Legends Of Tomorrow Season 1 Episode 1 & 2 ‘Pilot’ Review

DC’s Legends Of Tomorrow finally hits the UK. Here’s what we made of the pilot

DC's Legends of Tomorrow -- "Pilot, Part 1" -- Image LGN101d_0430b -- Pictured (L-R): Franz Drameh as Jefferson "Jax" Jackson, Victor Garber as Professor Martin Stein, Brandon Routh as Ray Palmer/Atom, Falk Hentschel as Carter Hall/Hawkman and Arthur Darvill as Rip Hunter -- Photo: Jeff Weddell/The CW -- © 2015 The CW Network, LLC. All Rights Reserved.

The latest series to spin-off from The CW’s Arrow, Legends Of Tomorrow, concluded its opening two parter with what can only be described as a fun time-travel romp. If you can get past the fact that Rory Pond – sorry, Williams – is now currently in a more Doctor role, then it’s not too difficult to have a good time. And even if you can’t, you will still enjoy yourself.

Legends Of Tomorrow doesn’t take itself too seriously, unlike it’s mother show, the two-parter was for the most part light-hearted. Opening with a world crippled by the force of Vandal Savage, Rip Hunter (Darvill) assembles the latest crack team of Avengers- sorry, Legends. For those who haven’t seen every – or any – episode of both Arrow and The Flash, as Rip goes about collecting his team, he gives a brief summary of who everybody is, so within the space of about a minute you are all caught up.

While some of the characters clearly lack the depth of others, weirdly, the two criminals – Leonard ‘Captain Cold’ Snart and Mick ‘Heat Wave’ Rory – have some of the biggest personalities on the show, while others suffer from being decidedly underdeveloped. Most guilty are the newest recruits to the universe, Hawkman and Hawkgirl.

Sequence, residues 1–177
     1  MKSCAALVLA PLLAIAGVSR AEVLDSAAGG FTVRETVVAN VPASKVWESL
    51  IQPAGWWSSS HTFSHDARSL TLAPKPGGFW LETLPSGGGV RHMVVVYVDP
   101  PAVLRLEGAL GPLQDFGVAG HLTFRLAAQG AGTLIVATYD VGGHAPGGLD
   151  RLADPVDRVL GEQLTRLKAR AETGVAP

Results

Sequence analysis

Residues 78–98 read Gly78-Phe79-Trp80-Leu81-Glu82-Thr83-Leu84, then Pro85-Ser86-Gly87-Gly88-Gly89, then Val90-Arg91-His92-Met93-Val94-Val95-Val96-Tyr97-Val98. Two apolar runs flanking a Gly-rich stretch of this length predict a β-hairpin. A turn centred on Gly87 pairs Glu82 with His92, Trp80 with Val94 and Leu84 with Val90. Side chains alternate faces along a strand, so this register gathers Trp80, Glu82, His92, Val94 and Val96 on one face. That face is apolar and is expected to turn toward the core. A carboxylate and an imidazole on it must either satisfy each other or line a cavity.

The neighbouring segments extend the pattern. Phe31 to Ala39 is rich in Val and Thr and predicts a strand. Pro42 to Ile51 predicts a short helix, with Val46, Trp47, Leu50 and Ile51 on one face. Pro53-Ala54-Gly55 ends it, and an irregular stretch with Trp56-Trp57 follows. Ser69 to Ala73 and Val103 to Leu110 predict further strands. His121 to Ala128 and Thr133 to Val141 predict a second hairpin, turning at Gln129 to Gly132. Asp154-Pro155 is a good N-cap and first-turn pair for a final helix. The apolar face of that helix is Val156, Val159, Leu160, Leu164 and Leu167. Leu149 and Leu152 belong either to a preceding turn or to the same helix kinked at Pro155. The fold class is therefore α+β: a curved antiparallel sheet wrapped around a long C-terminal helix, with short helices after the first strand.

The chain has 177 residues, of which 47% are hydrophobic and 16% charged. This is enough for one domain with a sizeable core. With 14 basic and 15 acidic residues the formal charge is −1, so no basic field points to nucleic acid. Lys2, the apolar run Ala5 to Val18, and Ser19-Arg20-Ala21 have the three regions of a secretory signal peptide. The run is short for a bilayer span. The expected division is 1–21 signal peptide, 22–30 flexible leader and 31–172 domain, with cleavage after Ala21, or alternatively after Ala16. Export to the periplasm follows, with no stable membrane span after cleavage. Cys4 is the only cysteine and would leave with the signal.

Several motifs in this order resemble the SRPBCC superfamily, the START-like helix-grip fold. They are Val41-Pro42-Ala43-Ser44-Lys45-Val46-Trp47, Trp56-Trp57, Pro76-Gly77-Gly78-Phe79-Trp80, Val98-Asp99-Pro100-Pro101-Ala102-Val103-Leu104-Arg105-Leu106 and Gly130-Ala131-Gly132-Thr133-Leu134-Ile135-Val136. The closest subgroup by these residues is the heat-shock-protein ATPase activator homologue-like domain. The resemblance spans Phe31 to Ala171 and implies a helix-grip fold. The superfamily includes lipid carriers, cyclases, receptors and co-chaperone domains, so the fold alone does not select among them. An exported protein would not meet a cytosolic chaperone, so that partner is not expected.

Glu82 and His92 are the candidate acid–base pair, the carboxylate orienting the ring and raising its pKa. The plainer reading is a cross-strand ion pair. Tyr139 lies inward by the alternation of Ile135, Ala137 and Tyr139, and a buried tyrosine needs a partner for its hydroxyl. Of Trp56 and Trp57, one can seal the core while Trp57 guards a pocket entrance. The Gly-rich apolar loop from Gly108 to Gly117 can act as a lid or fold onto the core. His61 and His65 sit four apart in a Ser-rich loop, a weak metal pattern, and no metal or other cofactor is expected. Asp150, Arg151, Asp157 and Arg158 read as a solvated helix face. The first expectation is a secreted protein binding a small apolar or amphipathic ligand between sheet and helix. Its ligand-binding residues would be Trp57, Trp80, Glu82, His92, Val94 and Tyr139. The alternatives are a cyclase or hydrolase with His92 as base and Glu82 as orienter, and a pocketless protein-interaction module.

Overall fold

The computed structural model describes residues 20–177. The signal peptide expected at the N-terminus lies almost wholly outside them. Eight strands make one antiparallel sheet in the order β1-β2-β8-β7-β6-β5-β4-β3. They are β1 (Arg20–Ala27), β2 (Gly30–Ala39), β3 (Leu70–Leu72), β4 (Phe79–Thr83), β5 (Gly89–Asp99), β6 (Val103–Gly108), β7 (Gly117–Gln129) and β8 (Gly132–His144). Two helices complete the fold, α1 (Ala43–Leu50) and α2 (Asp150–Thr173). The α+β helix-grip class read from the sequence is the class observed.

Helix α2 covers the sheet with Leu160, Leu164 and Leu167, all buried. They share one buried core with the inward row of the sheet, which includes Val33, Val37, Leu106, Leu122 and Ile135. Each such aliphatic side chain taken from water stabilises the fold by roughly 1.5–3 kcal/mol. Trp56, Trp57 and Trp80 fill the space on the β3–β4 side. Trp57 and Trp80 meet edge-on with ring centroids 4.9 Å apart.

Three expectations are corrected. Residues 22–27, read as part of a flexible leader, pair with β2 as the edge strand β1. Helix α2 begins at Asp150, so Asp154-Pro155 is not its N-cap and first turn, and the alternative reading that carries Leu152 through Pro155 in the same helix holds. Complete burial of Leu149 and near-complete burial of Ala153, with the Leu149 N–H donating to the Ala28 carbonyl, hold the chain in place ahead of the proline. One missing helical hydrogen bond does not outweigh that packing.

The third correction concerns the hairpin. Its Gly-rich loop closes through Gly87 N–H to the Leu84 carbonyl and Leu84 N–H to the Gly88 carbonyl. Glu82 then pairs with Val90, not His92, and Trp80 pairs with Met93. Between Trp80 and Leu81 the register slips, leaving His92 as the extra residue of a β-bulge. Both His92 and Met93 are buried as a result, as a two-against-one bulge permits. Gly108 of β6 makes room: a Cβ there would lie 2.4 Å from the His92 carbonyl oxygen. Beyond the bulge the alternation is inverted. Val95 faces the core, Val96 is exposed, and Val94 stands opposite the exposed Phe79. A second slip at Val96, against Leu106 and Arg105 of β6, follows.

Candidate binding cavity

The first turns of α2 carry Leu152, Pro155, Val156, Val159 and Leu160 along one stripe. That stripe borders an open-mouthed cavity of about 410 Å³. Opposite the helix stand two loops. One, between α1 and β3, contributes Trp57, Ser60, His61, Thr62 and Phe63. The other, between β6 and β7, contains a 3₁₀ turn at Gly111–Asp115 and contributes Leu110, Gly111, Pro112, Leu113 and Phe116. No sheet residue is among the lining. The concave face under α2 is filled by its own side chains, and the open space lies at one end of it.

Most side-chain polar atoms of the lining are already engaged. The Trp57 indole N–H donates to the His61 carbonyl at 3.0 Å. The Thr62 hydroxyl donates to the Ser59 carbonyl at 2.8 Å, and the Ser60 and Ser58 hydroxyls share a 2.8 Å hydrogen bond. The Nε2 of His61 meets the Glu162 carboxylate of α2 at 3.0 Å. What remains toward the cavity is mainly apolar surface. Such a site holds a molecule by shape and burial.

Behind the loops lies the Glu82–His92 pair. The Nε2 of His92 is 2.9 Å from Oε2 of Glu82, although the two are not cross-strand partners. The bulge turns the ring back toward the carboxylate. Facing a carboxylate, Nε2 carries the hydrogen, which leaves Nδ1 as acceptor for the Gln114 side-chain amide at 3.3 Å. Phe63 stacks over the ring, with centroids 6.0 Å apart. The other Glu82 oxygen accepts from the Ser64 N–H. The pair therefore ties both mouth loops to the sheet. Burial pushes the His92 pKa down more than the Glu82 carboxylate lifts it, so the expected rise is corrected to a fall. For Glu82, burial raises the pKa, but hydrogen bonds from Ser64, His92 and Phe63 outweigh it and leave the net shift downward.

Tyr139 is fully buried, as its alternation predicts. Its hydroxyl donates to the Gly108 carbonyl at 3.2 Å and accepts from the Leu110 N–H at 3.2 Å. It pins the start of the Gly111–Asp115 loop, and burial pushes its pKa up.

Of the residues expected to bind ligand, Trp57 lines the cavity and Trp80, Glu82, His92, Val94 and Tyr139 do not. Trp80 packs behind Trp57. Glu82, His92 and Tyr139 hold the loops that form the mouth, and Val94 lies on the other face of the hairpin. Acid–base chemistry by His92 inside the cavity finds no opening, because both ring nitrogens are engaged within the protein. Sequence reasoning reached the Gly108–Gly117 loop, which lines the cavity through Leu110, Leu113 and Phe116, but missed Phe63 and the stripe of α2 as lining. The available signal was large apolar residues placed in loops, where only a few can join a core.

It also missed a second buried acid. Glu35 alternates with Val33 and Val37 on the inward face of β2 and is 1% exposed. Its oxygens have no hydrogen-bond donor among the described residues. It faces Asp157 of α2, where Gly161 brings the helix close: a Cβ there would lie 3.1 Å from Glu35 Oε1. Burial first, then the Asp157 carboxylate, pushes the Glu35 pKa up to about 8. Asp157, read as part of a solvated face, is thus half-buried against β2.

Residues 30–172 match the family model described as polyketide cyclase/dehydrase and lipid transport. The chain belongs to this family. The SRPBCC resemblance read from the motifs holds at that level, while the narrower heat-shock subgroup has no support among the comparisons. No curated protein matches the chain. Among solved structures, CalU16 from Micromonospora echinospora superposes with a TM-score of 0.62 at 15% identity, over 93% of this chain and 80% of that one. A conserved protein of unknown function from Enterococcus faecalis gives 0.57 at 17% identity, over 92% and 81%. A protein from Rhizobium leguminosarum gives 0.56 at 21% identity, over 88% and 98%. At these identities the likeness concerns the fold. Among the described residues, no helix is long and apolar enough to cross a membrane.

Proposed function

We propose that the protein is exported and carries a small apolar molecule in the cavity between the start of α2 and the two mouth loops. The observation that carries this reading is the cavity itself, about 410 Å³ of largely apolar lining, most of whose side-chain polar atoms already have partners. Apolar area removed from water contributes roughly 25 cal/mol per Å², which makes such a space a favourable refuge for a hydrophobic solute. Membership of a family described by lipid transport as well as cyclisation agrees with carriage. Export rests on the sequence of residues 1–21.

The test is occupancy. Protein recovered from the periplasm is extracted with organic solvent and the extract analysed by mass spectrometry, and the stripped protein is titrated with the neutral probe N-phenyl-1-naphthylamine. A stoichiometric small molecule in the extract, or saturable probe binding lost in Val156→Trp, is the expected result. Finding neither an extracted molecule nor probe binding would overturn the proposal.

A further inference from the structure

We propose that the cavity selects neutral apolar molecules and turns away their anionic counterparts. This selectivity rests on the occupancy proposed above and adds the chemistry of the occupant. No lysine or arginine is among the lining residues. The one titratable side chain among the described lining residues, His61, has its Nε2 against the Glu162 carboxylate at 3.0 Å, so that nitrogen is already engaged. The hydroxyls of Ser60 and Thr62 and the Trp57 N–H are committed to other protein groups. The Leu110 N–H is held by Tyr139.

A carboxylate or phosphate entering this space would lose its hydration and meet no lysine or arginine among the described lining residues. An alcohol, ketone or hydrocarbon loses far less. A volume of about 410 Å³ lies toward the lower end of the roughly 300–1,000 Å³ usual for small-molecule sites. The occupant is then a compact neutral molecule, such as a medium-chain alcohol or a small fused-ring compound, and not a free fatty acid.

Cameos from Stephen Amell’s Oliver Queen and Katie Cassidy’s Laurel Lance to provide the guiding voices seem a little cheesy, but when you remember what you’re watching, you’ll learn to accept that a bunch of this new venture is exactly that. It’s fun, but if you’re looking for Nolan-esque serious superheroes, it probably won’t be for you.

Sarah’s (Caity Lotz) new costume as the White Canary is not the best idea they’ve ever had, but the others are styled to perfection. Although they do look a modicum of ridiculousness, the design of the Hawkpeople’s costumes are beautifully crafted.

A definite highlight is Brandon Routh, finally given the chance to shine in a leading role after his numerous special guest starring roles across television and film. Ray Palmer (Routh) continues to delight as a character and the deliverer a lot of the best moments. Watching him attempt to gain the respect of his previous professor, Dr Martin Stein (Victor Garber), and continue to fall short supports a side of his character that was mostly hidden in Arrow: that his biggest goal is to make a difference and for his life to have meant something. Apparently having Starling City renamed in the wake of his death to Star City with a massive memorial signpost wasn’t enough.

Weirdly, considering an entirely over the top performance from both parties, both Wentworth Miller as Captain Cold and Dominic Purcell as Heatwave deliver the stand-out moments from the premiere. If we’re being honest, we weren’t expecting to enjoy them quite as much as we did. Watching them, along with Sarah, hitting up a Seventies bar and then literally hitting the patrons in a brilliantly choreographed fight sequence. The makers have of all three CW shows have always been on top form in this respect, and we’re glad it continues into Legends

Woefully underused in the two parter, Jefferson ‘One half of Firestorm’ Jackson did provide some brilliant comedic moments, but simply wasn’t used enough.

While the show clearly has its flaws – they haven’t quite figured out how to handle all of their characters fairly and equally, it’s difficult to get too emotionally attached to the Hawk-sob-story, some of the ‘young people speak’ falls short, and the plots may fall into the trap of becoming a little repetitive – there is more than enough to enjoy here, and we look forward to seeing what happens next.